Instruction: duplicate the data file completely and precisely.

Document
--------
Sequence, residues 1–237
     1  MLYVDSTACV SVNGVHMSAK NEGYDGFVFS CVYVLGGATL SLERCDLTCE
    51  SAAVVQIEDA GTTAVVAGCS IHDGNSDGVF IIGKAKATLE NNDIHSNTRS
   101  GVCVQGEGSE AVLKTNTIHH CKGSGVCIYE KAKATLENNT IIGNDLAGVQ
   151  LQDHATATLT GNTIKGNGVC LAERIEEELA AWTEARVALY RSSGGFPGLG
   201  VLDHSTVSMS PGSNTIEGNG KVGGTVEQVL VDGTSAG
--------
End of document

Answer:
Sequence, residues 1–237
     1  MLYVDSTACV SVNGVHMSAK NEGYDGFVFS CVYVLGGATL SLERCDLTCE
    51  SAAVVQIEDA GTTAVVAGCS IHDGNSDGVF IIGKAKATLE NNDIHSNTRS
   101  GVCVQGEGSE AVLKTNTIHH CKGSGVCIYE KAKATLENNT IIGNDLAGVQ
   151  LQDHATATLT GNTIKGNGVC LAERIEEELA AWTEARVALY RSSGGFPGLG
   201  VLDHSTVSMS PGSNTIEGNG KVGGTVEQVL VDGTSAG